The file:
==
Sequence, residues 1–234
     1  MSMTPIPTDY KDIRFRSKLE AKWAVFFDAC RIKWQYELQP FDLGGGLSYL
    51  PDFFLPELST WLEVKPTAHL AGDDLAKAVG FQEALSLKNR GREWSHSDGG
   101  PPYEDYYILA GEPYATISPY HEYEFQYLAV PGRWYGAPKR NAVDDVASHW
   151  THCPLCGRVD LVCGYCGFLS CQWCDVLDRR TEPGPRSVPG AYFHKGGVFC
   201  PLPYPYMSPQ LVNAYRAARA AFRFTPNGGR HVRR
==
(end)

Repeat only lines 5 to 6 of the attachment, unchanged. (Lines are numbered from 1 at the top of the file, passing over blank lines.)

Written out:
   151  THCPLCGRVD LVCGYCGFLS CQWCDVLDRR TEPGPRSVPG AYFHKGGVFC
   201  PLPYPYMSPQ LVNAYRAARA AFRFTPNGGR HVRR